What it Is vs. What it Represents

By Carley Chan

Material culture is the belief that objects hold greater value than their intended function. In The Queen of Versailles, the size and grandeur of the Siegels’ current and dream homes are public displays of wealth and power. Though Jackie Siegel claims that moving into the biggest home in America will give the family some “much needed space,” she also describes the 90,000 square foot house, modeled and named after Versailles, as a tribute to her husband’s life achievements. While touring the half-finished home, Jackie rattles off the impressive prices of various fixtures – as if to imply that a window is more than a window if it costs a few million dollars. But as she wobbles up the grandiose staircase, the Siegels’ dream seems more ridiculous than impressive. Versailles is so over-the-top that it barely registers as a home; the dissonance between practicality and extravagance seems too large to bridge.

At the Merchant’s House Museum in Manhattan, material culture is evident in the stark contrast between the lavish ground floor seen by guests and the practical living arrangement of the basement, accessible only by family members and servants. Though both floors were furnished more or less by the same objects, namely chairs, couches, tables, lamps, drapes, etc., appearances were much more important on the upper floor. Compared to the elaborate and modern front rooms, the basement was surprisingly plain and simple. The most luxurious item was a couch that had once been displayed upstairs, but was deemed out of style and thus moved out of the public view.

In the cases of Versailles and the Merchant’s House, the gap between household objects’ intrinsic and extrinsic purposes are enormous. However, this gap cannot be completely written off as a result of a bourgeois world view. As Ann Cvetkovich writes in “In the Archives of Lesbian Feelings,” “affects – associated with nostalgia, personal memory, fantasy, and trauma – make a document significant. The archive of feelings is both material and immaterial, at once incorporating objects that might not ordinarily be considered archival.” Material culture exists in almost all domestic spaces. The worth we assign to our belongings can be used to explain, in part, how a house becomes a home for the people who live in it, and how this distinction is visually represented to the outside world.

This oven is one of my mom’s prized possessions – she frequently says that if she ever moves, she is taking the oven with her. As a stay-at-home mom whose hobby is food, my mom spends a lot of time in the kitchen. Unlike the Merchant’s House family, whose kitchen was hidden in the basement as a part of domesticity inappropriate for public viewing, my mom is proud to be able to provide good food to her family and guests. The reliable appliances that make this possible are naturally important to her as well.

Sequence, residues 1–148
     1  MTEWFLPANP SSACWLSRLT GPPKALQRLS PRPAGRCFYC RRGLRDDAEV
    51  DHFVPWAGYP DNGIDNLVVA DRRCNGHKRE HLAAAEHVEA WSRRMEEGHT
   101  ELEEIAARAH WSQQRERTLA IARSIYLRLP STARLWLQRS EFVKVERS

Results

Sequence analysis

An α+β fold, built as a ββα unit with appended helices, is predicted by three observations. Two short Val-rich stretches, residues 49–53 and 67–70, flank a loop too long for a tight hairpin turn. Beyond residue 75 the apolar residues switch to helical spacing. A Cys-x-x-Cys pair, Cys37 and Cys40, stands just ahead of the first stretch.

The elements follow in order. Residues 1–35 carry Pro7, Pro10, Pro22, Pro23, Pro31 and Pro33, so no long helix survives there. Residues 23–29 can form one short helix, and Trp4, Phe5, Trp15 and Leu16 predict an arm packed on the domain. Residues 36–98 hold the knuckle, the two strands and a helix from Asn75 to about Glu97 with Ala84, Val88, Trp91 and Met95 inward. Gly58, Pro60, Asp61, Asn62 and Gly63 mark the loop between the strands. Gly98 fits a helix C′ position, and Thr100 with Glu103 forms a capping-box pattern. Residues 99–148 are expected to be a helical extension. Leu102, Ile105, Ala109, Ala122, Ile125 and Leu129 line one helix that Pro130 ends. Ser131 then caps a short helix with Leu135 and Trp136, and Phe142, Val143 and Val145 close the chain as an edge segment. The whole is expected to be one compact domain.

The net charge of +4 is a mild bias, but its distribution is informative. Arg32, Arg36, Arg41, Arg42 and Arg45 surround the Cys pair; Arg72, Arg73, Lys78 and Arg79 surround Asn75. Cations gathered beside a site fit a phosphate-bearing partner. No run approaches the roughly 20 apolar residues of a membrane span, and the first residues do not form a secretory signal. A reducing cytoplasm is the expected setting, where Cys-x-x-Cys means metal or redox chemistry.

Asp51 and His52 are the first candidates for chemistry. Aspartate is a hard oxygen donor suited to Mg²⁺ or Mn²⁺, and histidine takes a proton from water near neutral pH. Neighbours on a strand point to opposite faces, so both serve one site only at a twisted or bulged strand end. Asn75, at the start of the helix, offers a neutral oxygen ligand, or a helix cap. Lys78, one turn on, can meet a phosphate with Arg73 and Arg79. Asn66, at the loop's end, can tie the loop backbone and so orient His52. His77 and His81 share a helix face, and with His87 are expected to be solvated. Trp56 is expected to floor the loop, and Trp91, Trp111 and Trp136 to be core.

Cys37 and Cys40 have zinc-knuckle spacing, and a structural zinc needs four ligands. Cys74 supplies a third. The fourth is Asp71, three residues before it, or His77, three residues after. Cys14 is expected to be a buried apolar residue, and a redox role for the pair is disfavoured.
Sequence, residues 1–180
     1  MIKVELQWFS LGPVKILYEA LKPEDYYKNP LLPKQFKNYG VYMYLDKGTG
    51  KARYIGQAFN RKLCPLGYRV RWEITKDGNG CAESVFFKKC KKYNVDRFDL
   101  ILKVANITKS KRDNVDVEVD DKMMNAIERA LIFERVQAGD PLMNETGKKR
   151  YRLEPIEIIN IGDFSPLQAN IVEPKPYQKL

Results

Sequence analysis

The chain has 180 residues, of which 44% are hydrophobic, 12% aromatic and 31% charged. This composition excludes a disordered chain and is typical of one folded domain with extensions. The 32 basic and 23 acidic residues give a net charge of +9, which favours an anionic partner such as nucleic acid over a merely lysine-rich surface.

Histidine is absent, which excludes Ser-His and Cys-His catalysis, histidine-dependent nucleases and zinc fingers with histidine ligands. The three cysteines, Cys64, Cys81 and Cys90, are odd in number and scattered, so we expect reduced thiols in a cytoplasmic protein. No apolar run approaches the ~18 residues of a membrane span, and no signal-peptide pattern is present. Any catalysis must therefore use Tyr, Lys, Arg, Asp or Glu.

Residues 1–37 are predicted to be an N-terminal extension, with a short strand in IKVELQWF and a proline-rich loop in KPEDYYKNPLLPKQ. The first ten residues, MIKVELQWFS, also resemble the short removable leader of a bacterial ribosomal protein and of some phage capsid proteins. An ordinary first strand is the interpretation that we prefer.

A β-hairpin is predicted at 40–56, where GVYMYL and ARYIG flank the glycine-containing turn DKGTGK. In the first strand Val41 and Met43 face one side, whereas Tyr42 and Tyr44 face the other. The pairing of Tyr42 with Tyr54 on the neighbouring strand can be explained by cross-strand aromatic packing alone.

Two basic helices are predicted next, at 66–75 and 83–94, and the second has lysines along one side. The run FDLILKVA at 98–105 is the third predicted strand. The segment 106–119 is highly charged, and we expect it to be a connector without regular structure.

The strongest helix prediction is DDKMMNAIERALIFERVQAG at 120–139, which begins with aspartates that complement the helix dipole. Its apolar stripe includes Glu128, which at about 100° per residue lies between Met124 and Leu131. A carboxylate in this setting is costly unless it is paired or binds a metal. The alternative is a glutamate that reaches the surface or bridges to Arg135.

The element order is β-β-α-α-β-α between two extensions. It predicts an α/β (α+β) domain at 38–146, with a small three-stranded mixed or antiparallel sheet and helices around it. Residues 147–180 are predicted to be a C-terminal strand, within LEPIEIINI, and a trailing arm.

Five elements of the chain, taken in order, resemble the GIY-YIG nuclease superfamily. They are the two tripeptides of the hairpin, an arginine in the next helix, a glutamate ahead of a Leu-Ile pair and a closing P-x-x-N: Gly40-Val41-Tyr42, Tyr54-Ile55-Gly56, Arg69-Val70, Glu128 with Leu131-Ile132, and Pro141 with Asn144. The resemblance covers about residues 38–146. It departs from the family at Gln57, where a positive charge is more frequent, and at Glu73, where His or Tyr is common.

These Chinese calligraphy scrolls are just a few of the many that hang all over my house. Because they are displayed in the room closest to our front door, they are visible to anyone that walks in. I have gotten remarks that my house looks “very Chinese” or “very cultural” and have also been asked what the scrolls say, where my family is from, and if my parents can speak English. The “Chineseness” of the decorations in my house seem to raise questions about the Americanness of my family, despite the fact that we all speak fluent English and only my dad can read what is written on the scrolls.

The decoration that hangs at our front door changes periodically with the season or occasion. This particular one was set out a few weeks ago to welcome Spring. It is also supposed to give the impression that my family responsibly attends to the upkeep of our house. In other words, we are not one of those neglectful families that leave our Christmas decorations out until March. Due to the fact we ourselves rarely see the outside of our front door, the decoration is almost exclusively for our neighbors’ viewing… though I have a feeling they rarely notice.

This post was completed as part of an assignment interpreting the “material culture” of home, and how objects, keepsakes, and ephemera from our domestic lives contribute to our social identities. For additional information on the assignment, please visit: https://americanstudiesmediacultureprogram.wordpress.com/the-concept-of-home-spring-2014-the-archeology-of-home/

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